‘Hall of Shame’ proposed for Connecticut trucking firms

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Connecticut Attorney General Richard Blumenthal has called for state officials to create a “Hall of Shame,” a list to be posted online along with all safety violations logged against every commercial truck and trucking company in the state, according to the Associated Press. “Consumers ought to have that information costlessly and conveniently so they can make informed choices,” he told the AP.

Commercial trucking safety has gained heightened attention in Connecticut since last summer, when four people died and 19 were injured in a fiery crash at the base of Avon Mountain. A dump truck with a history of safety violations was blamed for barreling out of control and striking a line of cars and a commuter bus.

This year, state lawmakers are expected to review several proposals to tighten safety requirements for commercial trucks, and Gov. M. Jodi Rell is adding $483,000 to her budget to hire additional inspectors at the state Department of Motor Vehicles. Blumenthal also said Friday, Feb. 3 that he will ask lawmakers to increase the number of mandatory inspections that each vehicle and company must pass to remain on the road.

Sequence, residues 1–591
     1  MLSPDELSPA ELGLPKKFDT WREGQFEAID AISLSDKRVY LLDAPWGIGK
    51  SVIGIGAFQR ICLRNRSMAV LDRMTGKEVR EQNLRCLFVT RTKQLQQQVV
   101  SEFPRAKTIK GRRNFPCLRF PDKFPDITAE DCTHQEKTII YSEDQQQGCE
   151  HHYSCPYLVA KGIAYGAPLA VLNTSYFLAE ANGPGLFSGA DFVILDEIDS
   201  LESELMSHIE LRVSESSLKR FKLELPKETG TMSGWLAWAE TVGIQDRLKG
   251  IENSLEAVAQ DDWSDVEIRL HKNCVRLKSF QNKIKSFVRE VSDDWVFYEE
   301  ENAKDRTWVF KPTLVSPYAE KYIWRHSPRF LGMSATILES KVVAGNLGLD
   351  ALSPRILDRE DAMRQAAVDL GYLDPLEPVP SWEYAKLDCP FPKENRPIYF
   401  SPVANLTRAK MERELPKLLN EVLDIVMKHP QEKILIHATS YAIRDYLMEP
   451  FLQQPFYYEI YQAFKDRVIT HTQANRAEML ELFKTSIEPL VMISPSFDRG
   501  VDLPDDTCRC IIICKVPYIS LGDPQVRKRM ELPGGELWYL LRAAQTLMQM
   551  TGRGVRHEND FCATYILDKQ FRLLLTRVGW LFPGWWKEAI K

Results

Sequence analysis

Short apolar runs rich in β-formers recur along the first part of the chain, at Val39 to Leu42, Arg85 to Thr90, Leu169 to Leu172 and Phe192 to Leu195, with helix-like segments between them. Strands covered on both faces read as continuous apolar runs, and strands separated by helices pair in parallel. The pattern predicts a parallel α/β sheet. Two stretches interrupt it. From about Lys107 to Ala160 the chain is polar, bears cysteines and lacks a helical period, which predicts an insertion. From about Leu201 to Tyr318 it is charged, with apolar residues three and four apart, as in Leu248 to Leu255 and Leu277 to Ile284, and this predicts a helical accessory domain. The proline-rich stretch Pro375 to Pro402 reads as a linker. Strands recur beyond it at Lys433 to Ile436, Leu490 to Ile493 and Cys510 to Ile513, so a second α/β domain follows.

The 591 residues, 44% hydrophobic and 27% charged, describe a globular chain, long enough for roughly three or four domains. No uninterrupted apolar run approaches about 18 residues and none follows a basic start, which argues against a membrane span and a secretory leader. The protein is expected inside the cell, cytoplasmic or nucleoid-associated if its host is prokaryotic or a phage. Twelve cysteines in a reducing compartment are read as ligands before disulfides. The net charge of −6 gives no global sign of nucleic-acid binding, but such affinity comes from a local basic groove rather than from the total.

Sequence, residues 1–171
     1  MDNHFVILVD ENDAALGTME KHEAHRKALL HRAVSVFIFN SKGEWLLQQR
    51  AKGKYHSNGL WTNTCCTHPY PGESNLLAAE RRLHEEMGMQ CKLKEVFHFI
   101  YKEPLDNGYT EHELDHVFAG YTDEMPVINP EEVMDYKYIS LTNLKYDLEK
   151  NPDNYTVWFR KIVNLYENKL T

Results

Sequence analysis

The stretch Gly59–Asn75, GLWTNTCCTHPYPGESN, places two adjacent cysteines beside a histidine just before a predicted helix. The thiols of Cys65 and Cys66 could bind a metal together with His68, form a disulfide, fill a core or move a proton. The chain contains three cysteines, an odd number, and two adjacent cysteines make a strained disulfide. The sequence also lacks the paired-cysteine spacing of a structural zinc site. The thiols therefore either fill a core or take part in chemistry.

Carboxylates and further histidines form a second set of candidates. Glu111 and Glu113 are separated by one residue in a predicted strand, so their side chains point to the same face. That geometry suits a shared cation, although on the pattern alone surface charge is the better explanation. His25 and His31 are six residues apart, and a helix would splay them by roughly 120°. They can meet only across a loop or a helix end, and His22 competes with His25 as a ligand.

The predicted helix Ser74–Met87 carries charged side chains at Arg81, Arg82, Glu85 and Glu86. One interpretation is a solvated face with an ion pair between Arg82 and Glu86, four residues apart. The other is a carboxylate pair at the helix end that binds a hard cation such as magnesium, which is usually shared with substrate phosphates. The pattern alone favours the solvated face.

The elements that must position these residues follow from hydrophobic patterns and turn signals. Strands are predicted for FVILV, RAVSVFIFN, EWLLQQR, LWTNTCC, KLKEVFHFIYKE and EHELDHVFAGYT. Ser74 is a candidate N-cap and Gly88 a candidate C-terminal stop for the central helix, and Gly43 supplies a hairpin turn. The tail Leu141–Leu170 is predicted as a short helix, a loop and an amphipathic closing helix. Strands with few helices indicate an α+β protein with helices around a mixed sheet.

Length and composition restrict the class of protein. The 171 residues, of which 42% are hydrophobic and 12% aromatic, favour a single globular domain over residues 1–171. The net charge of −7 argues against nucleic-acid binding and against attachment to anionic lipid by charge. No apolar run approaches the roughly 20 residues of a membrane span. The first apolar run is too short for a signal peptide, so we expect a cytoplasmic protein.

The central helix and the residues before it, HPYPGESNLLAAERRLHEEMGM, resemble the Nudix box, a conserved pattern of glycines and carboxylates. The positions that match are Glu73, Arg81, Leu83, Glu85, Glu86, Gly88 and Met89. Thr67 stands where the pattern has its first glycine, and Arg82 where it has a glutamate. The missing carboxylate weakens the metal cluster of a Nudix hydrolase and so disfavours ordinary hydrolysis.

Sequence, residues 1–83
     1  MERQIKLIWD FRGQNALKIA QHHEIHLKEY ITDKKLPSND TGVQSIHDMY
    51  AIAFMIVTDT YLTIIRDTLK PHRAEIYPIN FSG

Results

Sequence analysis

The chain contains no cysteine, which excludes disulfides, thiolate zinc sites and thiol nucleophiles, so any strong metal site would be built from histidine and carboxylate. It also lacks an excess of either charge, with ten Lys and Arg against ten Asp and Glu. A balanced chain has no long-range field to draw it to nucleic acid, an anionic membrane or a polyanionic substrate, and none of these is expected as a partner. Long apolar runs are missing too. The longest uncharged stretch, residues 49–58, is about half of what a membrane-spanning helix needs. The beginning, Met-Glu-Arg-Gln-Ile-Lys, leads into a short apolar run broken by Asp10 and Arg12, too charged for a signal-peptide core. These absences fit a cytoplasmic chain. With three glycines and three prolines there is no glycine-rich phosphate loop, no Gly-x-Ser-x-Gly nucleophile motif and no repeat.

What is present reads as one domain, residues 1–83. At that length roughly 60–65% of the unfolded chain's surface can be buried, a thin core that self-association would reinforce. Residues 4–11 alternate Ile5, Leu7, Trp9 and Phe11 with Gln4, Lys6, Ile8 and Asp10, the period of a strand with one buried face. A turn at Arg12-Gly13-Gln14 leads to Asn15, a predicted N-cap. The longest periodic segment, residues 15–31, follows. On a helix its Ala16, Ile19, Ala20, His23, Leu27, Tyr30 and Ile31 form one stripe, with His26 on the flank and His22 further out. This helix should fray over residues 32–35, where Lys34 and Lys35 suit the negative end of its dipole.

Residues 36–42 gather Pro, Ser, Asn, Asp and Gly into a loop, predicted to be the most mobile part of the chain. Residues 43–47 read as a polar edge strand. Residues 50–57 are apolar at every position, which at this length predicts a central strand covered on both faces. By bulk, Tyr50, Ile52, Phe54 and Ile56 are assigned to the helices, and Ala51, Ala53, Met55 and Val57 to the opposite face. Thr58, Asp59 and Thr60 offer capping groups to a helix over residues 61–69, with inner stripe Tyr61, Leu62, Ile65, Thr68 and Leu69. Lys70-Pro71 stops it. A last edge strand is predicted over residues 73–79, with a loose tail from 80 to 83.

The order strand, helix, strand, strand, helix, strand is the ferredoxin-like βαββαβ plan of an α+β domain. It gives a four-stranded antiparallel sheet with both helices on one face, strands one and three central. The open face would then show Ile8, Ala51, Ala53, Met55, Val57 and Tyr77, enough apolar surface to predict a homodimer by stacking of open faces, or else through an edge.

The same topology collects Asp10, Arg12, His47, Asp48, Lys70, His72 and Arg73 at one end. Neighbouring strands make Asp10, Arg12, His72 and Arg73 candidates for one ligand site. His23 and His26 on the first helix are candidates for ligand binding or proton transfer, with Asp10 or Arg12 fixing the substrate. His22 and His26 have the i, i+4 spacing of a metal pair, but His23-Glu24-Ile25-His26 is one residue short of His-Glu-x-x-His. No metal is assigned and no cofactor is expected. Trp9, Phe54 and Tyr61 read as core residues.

Michael J. Riley, president of the Motor Transport Association of Connecticut, told the AP that responsible trucking companies could be unfairly portrayed in an online “Hall of Shame.” For example, he said, a truck can be sidelined for something as simple as a light bulb that burned out shortly before an inspection. Also, some companies’ records have been hurt by crashes that their drivers did not cause, including a few cases when unoccupied trucks were parked and cars ran into them, he said. “It’s case by case, and often times there are explanations that don’t get factored in and that the public wouldn’t have any way to know about,” Riley told the AP.